Gasoline will soon cost more than $1 a gallon. Filling stations will have to convert their pumps, which now can post no price higher than 99.9 cents.
We're told that this is a Very Important Problem because the conversion will cost $100 million. However the magnitude of the crisis appears to me to be somewhat less than titanic.
There are now more than 100 million vehicles on the road. When the cost of converting gas pumps is apportioned among all motorists, the one-time charge would be less than $1 per vehicle. Filling stations could recapture their costs by raising gasoline a penny a gallon for about 10 weeks. Big deal.
Two suggestions have been made to save the $100 million. One is to set the pumps for one-tenth of the real unit price, then multiply the final bill by 10.
Example: If gas is $1.08, the price would be posted as 10.8 cents per gallon. Five gallons would register as $0.54. Attendants and customers would multiply 54 cents by 10 and arrive at the correct total, $5.40.
I vote "No" on that one. Many attendants and customers would need pencil and paper to do the arithmetic.
The second suggestion, now being actively pushed by the U.S. Metric Board and others, is to sell gasoline by the liter instead of by the gallon.
A liter is comparable to a quart, not a gallon, and is almost 6 per cent larger than a quart. When gas hits $1 a gallon, a liter would cost about 26.5 cents.
If you're adamantly opposed to using metric measurements, you'll be quick to point out that there's no need to switch to liters. Just sell gas by the quart instead of by the gallon. Instead of $1 a gallon, make it 25 cents a quart.
Your argument would be valid. However, I think we will eventually be won over by the simplicity and logic of the metric system. So why procrastinate? Pulling a tooth slowly doesn't ease the pain. If we're going to switch to metric eventually, the best course may be to bite the bullet (9 mm., of course) and get it over with.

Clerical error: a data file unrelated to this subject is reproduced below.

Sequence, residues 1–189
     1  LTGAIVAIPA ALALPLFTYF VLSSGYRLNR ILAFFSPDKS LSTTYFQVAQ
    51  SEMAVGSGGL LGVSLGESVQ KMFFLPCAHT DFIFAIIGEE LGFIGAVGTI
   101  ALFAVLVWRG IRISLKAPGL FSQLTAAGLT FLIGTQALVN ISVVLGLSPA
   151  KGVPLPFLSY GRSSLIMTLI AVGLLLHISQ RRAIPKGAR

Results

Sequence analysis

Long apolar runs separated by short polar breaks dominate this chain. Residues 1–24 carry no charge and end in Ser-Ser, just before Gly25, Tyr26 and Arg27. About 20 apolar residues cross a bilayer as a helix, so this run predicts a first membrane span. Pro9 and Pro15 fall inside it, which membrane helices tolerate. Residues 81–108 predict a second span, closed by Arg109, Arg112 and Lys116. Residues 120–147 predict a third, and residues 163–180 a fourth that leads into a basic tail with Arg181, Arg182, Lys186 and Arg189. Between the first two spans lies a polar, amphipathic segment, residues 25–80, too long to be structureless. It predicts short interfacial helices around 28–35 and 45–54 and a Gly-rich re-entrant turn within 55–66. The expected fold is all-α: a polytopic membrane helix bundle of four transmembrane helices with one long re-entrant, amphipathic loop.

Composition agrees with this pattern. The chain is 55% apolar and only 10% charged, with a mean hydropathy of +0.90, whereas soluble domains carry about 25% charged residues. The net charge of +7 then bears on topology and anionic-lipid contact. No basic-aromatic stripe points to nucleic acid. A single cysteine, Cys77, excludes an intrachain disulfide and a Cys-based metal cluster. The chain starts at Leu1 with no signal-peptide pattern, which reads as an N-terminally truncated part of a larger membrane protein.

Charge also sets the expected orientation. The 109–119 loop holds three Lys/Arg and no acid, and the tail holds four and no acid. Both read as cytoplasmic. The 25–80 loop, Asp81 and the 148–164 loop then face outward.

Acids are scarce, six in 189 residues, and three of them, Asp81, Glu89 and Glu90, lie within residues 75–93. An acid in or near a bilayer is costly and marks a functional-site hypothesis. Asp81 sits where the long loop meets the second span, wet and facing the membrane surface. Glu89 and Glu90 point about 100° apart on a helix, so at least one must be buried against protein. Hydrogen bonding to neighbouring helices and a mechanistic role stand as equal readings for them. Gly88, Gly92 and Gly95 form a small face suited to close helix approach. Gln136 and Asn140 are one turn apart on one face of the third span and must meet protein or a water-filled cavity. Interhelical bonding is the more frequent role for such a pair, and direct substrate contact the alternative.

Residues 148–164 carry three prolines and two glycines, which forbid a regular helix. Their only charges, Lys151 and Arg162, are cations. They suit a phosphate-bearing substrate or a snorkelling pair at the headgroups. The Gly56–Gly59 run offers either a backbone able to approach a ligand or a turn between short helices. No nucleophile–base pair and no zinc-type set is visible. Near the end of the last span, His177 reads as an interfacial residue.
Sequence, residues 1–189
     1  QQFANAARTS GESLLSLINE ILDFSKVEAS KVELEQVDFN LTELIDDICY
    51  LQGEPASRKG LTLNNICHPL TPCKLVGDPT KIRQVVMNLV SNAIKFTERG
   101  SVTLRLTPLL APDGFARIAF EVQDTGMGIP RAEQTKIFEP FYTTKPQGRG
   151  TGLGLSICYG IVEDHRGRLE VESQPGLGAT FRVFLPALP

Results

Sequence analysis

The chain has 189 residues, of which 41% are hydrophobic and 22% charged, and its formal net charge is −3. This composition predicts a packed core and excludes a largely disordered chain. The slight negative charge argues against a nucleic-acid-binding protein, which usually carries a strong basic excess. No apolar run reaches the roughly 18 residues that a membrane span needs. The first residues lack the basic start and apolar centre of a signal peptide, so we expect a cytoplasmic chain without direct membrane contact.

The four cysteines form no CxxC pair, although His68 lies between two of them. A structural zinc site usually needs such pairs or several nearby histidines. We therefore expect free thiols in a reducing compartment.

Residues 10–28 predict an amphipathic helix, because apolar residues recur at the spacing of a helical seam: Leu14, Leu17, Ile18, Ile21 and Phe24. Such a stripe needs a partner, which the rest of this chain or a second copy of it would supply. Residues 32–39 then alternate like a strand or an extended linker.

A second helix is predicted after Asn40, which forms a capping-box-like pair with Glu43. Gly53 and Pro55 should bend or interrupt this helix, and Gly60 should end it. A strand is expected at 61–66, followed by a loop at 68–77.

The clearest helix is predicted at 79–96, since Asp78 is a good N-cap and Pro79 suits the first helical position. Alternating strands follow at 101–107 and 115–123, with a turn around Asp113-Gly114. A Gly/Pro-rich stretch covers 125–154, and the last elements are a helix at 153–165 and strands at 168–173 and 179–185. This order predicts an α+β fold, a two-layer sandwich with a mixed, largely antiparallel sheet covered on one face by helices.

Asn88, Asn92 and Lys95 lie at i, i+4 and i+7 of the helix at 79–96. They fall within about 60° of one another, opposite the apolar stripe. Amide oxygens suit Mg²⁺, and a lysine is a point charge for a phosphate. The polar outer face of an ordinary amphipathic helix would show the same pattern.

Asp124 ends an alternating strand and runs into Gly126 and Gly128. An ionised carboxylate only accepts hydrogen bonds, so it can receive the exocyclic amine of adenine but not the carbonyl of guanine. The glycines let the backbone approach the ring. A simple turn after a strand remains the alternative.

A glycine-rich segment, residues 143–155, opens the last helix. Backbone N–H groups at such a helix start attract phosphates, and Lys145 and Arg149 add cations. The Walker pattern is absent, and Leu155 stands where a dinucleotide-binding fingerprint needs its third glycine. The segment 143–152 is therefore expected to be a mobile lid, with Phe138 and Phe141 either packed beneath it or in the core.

Two obvious difficulties will mark the switch to metric measurements. One is inertia; people don't like to be forced into new patterns of activity. The other is uncertainty; people who don't know how to make quick comparisons between the two systems fear they're being cheated.
Ellen Aaron says some rule-of-thumb comparisons are already coming into vogue. One is, "A liter is one martini more than a quart."
One who is buying 60 liters of gasoline might want to have more precise information about the size of that martini.The best I have been able to work out is that a liter holds 1.0570824 times as much as a quart. A quart's 32 ounces compare to the 33.826636 ounces in a liter. Your martini would therefore consist of less than 1.83 fluid ounces. That's a mighty puny martini.
If advocates of the metric system want to move their cause forward, I think the most effective thing they could do would be to flood the country with free comparison charts - some in large type, to be posted on walls, some in small type, to fit on wallet-sized cards.
When everybody knows how to convert quarts to liters, miles to kilometers and pounds to kilograms, our fear of the unknown will begin to diminish. We will be much more receptive to the logic of switching to a system that uses multiples of 10.
Many years ago, we decided to base our money on the decimal system. Ten pennies make a dime, 10 dimes make a dollar. Would you have preferred 20 shillings to a pound and 12 pence to a shilling?
What's the logic in a mile that's made up of 5,280 feet, an acre that contains 43,650 square feet, or a rod that's 16 1/2 feet long? The metric system does it all with multiples of 10.